The linen-wrapped cartridge, though somewhat complicated, was much more efficient than that of the Dreyse and smaller and lighter, allowing soldiers to carry more ammunition. It was also less vulnerable to adverse weather, poor storage and rough handling. The Chassepot fired a 386-grain, 11 mm conical bullet backed by 86.4 grains of black powder, giving a muzzle velocity of 1,345 fps and an effective range of 1,000 meters (maximum range 1,500). Too, ignition was at the rear of the round, resulting in the elimination the long, delicate needle of the Dreyse.

The rifle itself was lighter (nine pounds five ounces), shorter (51 inches) and handier than its Prussian counterpart. In the words of a German officer inspecting a captured Chassepot, it was "a beautifully worked murder weapon, a dainty little thing."

Operating the Chassepot was fairly simple. One merely thumbed back the cocking piece, opened the bolt, inserted a cartridge, closed the bolt and pulled the trigger. Fifteen rounds a minute was not an unusual rate of fire, and the Chasse-pot had the added advantage of a rubber gasket on its bolt that virtually eliminated any gas escape at the breech. The bolt was simple and rugged, allowing it to ultimately be easily modified to metallic cartridge use in the Mdle 1874 Gras system. Sights were graduated to 1,200 meters, which was upped to 1,600 after the war. Like the Dreyse, the Chassepot had no safety. It was fitted with a heavy, brass-handled, 22'/2-inch yataghan bayonet. There were also cavalry and gendarmerie carbine versions and artillery musketoons.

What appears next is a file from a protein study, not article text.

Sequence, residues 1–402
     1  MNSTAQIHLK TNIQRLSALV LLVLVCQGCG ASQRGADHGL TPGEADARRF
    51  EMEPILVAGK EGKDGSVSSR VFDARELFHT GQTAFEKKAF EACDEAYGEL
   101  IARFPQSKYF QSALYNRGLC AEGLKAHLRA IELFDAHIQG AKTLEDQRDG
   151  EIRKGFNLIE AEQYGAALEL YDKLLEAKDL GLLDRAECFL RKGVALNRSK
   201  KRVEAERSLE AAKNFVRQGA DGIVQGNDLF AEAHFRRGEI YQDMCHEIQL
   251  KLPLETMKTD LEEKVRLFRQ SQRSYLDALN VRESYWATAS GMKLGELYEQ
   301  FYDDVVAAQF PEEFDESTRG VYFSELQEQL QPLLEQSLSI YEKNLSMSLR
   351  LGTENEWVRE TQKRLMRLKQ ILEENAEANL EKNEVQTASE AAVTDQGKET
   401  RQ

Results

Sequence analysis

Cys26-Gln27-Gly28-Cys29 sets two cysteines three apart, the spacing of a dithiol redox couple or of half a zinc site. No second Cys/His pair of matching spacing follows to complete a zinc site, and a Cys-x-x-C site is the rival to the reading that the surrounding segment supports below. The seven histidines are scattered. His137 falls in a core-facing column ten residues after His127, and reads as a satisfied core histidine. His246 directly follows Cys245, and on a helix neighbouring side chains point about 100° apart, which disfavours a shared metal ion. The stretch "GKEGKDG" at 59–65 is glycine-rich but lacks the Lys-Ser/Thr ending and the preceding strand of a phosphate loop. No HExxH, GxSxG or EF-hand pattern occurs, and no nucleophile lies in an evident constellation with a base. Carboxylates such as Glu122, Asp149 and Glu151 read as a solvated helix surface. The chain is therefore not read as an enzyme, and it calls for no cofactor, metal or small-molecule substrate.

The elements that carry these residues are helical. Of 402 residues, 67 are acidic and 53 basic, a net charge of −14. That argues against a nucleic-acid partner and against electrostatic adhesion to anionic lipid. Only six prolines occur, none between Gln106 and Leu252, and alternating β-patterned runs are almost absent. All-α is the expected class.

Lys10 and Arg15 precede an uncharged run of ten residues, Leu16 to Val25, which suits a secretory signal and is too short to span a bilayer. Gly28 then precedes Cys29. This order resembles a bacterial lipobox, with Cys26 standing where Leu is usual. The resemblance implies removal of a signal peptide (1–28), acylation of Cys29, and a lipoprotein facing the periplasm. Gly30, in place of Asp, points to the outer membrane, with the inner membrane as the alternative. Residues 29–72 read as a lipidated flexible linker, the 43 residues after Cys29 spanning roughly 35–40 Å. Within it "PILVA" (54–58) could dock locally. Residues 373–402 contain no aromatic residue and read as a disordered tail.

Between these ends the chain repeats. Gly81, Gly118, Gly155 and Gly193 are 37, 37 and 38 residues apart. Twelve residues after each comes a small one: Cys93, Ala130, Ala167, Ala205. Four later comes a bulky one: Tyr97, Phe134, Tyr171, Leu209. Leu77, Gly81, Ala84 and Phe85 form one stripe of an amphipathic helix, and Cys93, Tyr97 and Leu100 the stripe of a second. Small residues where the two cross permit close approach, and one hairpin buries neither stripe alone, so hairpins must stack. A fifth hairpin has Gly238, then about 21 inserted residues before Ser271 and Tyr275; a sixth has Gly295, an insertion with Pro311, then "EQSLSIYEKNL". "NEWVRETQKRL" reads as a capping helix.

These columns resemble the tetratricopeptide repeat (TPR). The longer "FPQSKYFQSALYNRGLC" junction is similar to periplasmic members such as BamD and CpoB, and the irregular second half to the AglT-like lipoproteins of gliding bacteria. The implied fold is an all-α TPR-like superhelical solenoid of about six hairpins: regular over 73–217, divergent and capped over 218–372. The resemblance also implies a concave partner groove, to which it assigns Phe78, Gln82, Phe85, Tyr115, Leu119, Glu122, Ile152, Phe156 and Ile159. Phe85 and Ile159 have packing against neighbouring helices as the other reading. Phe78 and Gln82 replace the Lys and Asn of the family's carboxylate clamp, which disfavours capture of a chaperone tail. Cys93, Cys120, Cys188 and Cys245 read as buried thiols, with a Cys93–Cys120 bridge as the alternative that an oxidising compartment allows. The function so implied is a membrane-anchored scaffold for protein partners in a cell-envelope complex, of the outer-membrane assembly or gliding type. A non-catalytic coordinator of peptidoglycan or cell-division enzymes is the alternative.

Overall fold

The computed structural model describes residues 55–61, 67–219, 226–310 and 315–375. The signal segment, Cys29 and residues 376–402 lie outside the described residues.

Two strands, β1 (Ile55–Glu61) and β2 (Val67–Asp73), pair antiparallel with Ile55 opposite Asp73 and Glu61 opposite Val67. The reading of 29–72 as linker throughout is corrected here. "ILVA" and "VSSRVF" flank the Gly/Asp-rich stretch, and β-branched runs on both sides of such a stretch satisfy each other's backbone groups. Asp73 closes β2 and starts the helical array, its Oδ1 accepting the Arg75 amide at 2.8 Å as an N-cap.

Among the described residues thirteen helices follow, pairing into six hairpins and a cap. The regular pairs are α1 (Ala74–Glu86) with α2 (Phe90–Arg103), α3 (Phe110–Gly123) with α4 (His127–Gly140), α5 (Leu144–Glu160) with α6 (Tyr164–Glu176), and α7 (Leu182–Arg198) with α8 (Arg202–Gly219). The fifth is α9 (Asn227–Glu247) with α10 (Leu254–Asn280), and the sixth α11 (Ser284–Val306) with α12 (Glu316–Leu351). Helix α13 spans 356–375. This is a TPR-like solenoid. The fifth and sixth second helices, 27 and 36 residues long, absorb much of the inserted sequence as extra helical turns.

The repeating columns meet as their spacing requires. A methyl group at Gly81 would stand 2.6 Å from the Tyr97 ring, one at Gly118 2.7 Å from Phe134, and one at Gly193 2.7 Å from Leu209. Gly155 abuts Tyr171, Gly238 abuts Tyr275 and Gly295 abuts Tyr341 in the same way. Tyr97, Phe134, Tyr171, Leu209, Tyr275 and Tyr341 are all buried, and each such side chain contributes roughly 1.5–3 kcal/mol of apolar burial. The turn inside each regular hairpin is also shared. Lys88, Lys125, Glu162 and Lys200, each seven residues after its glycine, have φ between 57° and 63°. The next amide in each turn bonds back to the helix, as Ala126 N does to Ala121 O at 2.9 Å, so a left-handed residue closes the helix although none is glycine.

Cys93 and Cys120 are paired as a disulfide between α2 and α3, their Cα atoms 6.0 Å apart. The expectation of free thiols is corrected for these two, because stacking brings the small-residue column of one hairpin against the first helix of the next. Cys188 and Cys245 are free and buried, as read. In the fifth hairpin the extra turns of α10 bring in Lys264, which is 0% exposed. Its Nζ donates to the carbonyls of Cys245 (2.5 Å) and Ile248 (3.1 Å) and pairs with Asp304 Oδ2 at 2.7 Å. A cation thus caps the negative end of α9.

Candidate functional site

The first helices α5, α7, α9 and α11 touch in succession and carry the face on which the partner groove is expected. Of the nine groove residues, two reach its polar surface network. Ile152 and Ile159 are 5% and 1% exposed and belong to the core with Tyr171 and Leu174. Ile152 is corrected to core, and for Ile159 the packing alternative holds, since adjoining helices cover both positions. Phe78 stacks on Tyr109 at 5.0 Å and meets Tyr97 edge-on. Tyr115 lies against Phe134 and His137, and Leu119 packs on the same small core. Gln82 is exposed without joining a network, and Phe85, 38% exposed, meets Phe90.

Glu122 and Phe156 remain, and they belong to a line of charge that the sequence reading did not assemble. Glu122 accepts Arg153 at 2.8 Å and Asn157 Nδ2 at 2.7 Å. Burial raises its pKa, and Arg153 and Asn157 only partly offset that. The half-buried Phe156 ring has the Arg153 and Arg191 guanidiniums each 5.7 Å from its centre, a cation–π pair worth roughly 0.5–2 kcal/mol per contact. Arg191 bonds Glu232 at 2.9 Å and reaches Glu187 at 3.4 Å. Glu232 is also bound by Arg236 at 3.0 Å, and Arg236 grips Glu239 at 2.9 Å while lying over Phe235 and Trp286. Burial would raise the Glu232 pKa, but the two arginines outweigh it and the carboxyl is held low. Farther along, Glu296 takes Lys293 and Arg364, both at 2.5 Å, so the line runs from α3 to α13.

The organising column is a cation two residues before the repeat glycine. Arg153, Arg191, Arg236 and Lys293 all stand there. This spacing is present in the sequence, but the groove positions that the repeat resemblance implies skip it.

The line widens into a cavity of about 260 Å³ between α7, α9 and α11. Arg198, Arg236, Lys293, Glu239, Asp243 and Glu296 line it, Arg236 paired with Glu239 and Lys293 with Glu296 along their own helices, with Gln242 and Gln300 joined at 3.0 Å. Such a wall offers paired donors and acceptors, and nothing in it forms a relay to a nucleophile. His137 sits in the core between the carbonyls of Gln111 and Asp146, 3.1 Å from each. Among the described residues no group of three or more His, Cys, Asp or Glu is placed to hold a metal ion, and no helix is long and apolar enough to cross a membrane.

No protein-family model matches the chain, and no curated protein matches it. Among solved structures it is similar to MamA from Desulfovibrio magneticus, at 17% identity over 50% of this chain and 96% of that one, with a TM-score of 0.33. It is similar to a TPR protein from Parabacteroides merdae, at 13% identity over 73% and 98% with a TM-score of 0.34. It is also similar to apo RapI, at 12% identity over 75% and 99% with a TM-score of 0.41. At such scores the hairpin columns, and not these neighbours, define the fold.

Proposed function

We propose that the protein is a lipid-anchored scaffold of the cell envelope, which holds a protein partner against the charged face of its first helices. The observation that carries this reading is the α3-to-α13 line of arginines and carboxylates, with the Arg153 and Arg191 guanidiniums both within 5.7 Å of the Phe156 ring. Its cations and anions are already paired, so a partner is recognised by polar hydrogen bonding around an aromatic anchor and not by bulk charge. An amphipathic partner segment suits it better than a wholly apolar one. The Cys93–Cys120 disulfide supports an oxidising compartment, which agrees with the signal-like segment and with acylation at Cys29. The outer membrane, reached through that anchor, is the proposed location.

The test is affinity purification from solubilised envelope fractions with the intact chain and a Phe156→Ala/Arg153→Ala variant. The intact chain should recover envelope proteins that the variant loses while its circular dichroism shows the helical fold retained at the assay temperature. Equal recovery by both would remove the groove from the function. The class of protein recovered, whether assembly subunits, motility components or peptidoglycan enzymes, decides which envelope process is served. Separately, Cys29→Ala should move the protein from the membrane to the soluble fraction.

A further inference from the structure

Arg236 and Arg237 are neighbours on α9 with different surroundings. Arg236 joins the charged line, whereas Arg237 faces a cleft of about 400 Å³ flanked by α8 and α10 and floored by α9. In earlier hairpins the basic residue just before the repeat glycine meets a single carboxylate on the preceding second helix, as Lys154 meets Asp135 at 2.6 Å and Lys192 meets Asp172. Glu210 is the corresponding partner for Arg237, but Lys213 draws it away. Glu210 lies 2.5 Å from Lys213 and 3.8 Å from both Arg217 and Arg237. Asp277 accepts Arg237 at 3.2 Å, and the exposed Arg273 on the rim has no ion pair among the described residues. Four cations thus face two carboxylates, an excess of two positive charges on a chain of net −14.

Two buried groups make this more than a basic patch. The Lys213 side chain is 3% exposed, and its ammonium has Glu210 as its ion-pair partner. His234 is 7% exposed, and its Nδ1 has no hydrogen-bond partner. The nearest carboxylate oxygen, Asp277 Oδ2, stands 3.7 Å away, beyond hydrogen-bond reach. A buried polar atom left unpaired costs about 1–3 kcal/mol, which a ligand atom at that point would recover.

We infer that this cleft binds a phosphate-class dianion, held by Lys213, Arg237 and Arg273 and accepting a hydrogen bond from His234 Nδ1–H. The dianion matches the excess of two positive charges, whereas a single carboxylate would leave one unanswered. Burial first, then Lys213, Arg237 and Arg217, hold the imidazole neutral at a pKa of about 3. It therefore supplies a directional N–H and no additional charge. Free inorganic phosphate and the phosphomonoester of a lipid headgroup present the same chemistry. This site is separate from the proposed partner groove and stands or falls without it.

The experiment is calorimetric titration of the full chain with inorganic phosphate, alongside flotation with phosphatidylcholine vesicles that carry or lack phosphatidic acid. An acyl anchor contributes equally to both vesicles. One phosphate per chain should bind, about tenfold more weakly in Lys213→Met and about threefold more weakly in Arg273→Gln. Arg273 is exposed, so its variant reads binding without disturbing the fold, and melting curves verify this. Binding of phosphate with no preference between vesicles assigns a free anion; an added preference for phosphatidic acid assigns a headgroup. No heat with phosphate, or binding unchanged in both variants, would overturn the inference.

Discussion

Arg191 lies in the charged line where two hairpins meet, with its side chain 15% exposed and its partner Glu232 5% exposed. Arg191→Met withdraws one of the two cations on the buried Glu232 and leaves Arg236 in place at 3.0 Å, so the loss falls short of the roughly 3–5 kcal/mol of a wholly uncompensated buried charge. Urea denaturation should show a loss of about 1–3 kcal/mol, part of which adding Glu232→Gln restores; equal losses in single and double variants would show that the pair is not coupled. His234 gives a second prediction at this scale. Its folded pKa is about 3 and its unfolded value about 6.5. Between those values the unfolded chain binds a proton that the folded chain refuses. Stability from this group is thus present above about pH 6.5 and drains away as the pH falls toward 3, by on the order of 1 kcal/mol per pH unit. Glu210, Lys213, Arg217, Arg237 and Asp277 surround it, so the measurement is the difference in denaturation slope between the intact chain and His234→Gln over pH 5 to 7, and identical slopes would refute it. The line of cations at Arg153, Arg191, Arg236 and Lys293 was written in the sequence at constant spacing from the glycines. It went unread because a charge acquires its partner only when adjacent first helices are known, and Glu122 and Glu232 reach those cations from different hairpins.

The Germans found out early in the war that they were totally outclassed by the Chassepot's range and effectiveness. More than once, the French managed to inflict telling casualties at considerable distances. It is estimated that some 70 percent of Prussian losses during many battles were caused by the Chassepot. One Prussian officer later wrote, following an assault in which Germans suffered 60 percent casualties, "The bullets hit us from ranges we thought impossible."

Despite this advantage, French generals snatched defeat from the jaws of victory; Napoleon HI was captured, and his Second Empire crumbled following the Battle of Sedan at the beginning of September 1870. Still, Republican forces continued the fight for several months, both for internal political reasons and to try and ameliorate harsh Prussian demands. Prussia ultimately triumphed, exacted huge reparations and territorial concessions from France, united Germany and went on to become the major power so feared by other Europeans.




For our shooting evaluation we located a Model 1862 Dreyse manufactured at Danzig in 1868 and a Mdle 1866 Chassepot built at Chatellerault in 1871. Both were in excellent condition with pristine bores.